What condition do more than 100 million Americans share -- maybe including you? Whether it's caused by arthritis, migraines, fibromyalgia, or bad backs, chronic pain -- the kind that hangs on for weeks, months, or years -- can change your life. Never ignore pain. Whatever the intensity -- mild, moderate or severe -- treatment usually can help.
What Causes Pain?
Pain results from a signal sent from your nerves to your brain. It can serve as an alarm, a warning -- that you're stepping on a nail or touching a hot stove. But sometimes the signals keep firing, and the pain continues. That’s when it becomes chronic.
Signs You Need Pain Relief
Anybody with frequent or daily pain -- even mild -- should see a doctor. That's especially true if the pain is interfering with your life -- limiting activities or the ability to work. Keep in mind that chronic pain can creep up on you. What starts as occasional and bothersome can, over the years, become serious and debilitating.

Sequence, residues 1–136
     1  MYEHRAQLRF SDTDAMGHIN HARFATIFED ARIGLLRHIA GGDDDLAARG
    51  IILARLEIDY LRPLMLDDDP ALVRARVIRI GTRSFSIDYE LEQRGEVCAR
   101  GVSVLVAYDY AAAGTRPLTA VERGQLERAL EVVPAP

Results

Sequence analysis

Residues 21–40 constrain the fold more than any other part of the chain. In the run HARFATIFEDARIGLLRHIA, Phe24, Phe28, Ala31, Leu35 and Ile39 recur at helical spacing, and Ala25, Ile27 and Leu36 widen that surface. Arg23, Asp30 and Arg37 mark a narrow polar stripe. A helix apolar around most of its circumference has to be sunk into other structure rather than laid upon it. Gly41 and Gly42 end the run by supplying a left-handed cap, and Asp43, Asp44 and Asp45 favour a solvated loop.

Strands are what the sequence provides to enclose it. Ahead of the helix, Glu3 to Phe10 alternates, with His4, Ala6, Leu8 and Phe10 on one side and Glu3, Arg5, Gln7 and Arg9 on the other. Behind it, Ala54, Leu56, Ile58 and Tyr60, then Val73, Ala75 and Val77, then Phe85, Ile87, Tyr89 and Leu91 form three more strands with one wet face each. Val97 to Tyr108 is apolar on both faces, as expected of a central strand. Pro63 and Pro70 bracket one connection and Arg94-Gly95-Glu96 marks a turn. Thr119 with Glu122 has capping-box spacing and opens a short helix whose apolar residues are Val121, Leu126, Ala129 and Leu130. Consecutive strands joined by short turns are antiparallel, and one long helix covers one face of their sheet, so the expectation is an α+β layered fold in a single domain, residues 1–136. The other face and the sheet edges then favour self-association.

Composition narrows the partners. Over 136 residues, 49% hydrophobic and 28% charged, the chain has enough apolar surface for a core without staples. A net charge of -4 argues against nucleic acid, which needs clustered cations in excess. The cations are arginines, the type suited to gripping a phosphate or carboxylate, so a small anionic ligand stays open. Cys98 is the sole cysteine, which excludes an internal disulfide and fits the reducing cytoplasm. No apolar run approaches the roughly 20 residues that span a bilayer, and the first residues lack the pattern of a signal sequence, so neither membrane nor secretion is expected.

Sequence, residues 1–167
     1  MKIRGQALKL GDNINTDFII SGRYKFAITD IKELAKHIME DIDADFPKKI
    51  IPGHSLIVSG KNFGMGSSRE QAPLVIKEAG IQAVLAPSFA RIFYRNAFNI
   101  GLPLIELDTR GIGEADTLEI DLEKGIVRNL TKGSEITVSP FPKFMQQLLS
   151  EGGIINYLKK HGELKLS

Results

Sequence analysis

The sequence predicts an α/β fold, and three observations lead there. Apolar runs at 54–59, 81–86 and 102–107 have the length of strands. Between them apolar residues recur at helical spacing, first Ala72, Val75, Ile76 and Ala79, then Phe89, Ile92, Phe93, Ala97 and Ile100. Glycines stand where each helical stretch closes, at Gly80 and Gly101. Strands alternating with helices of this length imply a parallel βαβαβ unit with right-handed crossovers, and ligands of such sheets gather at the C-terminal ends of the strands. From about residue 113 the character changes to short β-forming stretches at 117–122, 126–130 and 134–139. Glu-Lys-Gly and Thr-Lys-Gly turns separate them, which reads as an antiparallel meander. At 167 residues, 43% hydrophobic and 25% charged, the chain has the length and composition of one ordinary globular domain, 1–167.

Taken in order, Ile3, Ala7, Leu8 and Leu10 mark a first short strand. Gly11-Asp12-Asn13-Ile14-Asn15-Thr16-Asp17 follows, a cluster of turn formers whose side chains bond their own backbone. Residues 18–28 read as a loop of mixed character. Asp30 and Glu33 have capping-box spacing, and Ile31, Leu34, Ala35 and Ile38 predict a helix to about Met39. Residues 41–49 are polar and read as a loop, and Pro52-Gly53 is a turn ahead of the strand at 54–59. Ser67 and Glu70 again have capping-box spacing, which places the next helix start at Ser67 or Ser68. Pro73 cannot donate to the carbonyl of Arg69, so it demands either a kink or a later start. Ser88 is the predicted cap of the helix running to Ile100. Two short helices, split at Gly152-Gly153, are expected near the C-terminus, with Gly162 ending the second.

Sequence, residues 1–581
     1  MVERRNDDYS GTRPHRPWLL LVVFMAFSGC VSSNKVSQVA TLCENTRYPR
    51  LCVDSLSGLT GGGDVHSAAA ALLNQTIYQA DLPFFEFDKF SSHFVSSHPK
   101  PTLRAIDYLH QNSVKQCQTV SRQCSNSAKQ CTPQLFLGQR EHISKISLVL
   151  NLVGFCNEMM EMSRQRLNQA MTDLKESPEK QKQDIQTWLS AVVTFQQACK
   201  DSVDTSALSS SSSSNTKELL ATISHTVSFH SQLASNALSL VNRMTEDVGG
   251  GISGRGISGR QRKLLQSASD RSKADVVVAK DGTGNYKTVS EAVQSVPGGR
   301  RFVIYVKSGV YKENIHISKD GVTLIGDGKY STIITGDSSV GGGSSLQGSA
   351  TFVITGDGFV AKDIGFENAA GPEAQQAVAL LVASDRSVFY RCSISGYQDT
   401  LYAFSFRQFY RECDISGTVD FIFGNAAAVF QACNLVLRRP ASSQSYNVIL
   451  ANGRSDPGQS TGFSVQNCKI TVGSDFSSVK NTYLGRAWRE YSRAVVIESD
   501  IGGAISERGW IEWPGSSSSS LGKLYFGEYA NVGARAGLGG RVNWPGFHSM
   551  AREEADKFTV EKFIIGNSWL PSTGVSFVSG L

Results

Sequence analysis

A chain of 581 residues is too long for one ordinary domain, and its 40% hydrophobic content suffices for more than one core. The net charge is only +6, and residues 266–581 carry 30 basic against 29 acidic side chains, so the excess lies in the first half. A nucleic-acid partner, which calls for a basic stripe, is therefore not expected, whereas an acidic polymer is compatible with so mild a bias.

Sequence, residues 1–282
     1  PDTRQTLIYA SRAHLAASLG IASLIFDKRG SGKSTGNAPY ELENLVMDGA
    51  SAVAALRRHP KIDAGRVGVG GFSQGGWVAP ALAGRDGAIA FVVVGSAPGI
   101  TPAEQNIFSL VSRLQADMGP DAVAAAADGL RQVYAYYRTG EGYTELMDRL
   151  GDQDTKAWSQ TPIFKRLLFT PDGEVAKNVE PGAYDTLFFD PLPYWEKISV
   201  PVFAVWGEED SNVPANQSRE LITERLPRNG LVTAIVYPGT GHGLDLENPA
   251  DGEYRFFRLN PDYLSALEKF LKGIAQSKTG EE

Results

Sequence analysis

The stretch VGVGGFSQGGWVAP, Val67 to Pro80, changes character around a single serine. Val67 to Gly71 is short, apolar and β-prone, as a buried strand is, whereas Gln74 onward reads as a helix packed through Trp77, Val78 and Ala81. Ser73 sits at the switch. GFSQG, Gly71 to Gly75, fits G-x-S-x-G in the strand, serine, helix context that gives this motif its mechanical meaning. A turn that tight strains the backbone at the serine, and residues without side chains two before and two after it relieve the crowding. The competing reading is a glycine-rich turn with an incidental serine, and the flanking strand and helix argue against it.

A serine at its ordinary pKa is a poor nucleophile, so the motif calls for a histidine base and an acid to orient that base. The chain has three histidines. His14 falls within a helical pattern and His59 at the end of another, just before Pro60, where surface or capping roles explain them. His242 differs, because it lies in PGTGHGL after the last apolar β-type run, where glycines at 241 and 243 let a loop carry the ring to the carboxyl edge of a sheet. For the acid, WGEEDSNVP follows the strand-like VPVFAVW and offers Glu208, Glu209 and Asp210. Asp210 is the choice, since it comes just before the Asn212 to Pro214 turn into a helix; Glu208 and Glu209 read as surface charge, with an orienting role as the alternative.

Pain Relief: Walking
Walk more: It's one of the best prescriptions we have to help chronic pain. Daily pain tends to make people less active, and that often makes pain worse. Exercise also releases endorphins -- the body's natural painkillers. Aim to walk -- or exercise in other ways -- five times a week for 30 minutes a day. Work up to it slowly, adding a few minutes a week.
Pain Relief: Acupuncture
Once viewed by many in the U.S. as outlandish, acupuncture is now a common treatment for some chronic pain. Why does poking needles in the skin help? No one's really sure. It may help release natural painkillers in the body or block pain signals from the nerves.
Pain and Sleep